DVD & Video-on-Demand
Promptly At Sundown
Promptly At Sundown
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Welcome to Horror Movie Writing 101. In addition to the audience favorite “freaky little kids” paradigm, one of the most tried-and-true set-ups for the “scream and flee” genre involves gathering a group of strangers who having taken a wrong turn off the main road, gotten lost, and make the less than intelligent decision to ask the creepiest dude they can find for directions.
Usually, the faux kindly stranger is personified by a trucker, a cop, or a gas station attendant who stares a tad too long at the female counterpart of the bickering couple (or woman in a group) before the filmmakers decide to throw them—along with some other annoying folks-- in a house or similar structure from which they cannot escape.
Of course, it helps if you stack the deck with as many wild cards as possible by giving us an obligatory Carrie-like sermon spouting, screw-loose Sunday school teacher-style caretaker run amok who shares the place with her disturbed son who seems as though he could be the President of the Norman Bates fan club.
In addition, the characters who find themselves in this predicament are often dealt a hand that adds in the requisite past trauma usually involving the death of a child or relative. So inevitably, it’s this “elephant in the room” that our protagonists—only identifiable as the ones who scream and run from those out to get them rather than based on any real sympathy—must somehow overcome while fending off evil. Needless to say, you put all these together and wham, you’ve got yourself a horror movie.
Adapted from best-selling supernatural authors Ted Dekker and Frank Peretti‘s novel by screenwriter Rob Green for director Robby Henson-- the run-of-the-mill and easily forgettable House makes its way to DVD on Tuesday, April 7 from Lionsgate.
Incidentally the same studio that traditionally specializes in first-rate modern-day horror, the arrival of the Christianity tinged, trippy House (which may only be of interest for its bookended turns by Michael Madsen) follows the same studio’s other thinly disguised Christian ghost tale The Haunting in Connecticut starring Michael’s sister, the Oscar nominated Sideways star Virginia Madsen.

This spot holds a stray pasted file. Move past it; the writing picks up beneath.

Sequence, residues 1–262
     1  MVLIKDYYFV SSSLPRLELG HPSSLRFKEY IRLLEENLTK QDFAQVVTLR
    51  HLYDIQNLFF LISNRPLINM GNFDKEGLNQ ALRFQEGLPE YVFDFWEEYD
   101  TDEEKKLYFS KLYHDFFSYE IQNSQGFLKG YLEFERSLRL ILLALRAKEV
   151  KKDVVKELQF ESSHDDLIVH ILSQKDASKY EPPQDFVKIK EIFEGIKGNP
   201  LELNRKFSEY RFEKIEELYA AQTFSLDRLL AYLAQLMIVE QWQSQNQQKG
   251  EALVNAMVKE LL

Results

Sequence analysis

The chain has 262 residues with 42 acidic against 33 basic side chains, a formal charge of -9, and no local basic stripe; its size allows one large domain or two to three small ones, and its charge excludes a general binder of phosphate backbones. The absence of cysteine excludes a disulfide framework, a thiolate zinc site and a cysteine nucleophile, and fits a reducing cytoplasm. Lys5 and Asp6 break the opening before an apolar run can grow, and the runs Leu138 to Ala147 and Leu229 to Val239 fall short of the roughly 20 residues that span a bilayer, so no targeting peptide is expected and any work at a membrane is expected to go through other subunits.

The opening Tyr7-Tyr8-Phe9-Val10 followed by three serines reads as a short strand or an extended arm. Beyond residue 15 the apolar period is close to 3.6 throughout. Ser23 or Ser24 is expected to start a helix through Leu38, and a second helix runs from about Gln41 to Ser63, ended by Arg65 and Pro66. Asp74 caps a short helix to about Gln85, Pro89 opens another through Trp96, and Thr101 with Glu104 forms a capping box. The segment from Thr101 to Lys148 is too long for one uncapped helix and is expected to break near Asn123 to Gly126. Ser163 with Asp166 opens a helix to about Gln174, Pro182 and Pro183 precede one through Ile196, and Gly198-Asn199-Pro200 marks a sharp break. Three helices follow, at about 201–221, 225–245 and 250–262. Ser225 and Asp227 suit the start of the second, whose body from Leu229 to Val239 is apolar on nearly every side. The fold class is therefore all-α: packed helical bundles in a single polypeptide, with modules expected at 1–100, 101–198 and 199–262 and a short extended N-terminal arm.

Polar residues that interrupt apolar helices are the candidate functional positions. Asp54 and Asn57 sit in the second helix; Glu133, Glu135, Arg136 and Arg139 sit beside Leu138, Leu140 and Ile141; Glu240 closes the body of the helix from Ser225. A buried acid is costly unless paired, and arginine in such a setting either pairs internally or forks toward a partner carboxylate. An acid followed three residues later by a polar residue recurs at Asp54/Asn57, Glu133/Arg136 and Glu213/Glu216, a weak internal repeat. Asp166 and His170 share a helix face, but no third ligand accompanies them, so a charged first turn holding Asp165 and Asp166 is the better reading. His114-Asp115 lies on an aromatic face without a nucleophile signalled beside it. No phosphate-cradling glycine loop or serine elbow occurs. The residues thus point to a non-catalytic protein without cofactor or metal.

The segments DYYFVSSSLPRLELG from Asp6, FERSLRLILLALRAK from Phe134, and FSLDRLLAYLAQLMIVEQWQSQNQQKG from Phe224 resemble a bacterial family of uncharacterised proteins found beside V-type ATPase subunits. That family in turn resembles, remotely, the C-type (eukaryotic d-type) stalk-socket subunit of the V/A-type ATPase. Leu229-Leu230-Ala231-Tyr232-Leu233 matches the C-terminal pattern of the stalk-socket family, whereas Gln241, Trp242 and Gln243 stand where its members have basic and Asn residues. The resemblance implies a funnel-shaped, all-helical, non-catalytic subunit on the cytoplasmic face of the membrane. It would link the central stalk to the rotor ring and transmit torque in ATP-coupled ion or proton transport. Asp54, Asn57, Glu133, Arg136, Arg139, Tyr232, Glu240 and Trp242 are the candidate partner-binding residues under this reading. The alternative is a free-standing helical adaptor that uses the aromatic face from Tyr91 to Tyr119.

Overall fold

While The Haunting in Connecticut left much to be desired (although it seemed to tap right in to the same New Age escapist creepy fare Knowing which American audiences made the top box office champ during its opening weekend) -- at least in the case of Haunting it takes a while to realize just how bad it is but even then, it remains watchable.
Unfortunately, the same cannot be said for House which seems to borrow from the same playbook as 1408, The Shining, Carrie, Vacancy, From Dusk ‘til Dawn, Psycho, The Haunting, and Identity. But instead of managing to tap into what made each of those films work, whether it was John Cusack’s one man show in 1408, the twist in Identity, or the Panic Room-style “what would you do?” questions you asked yourself in Vacancy, House decides the only way to separate it from its overly familiar structure is to layer on as much Christianity as possible in ways that treat the audience like they were captive Sunday School students.
Instead of weaving in the layers of repentance or atonement more subtly, screenwriter Green and director Henson use the thickest paintbrush they can find in their Left Behind infused version of Psycho by making the main couple (Reynaldo Rosales and Heidi Dippold) have to fight the devil and sins of their past in order to make it to the light where they can become born again.
The one “saving grace” (if you will) of the film is in its stellar special effects production values which seems to be where the filmmakers focused all of their attention in lieu of perhaps sending the script back for yet another much-needed rewrite.
Admittedly-- having not read the book by Dekker and Peretti-- I can't say that this interpretation was precisely what they had in mind or in their novel if they were far better at trusting the intelligence of their audience to refrain from beating us over the head with what at least in filmmaking form seems to be an overt and condescending (even to the devout) Christian agenda.
However, the fact that the writers serve as co-producers does indeed send some warning bells and if this storytelling approach was exactly what they had in mind, I can only hope that next time around they’ll give us characters with whom we can actually identify instead of Horror Movie 101 types, therefore helping to ensure the audience will keep the faith in what they’re trying to say.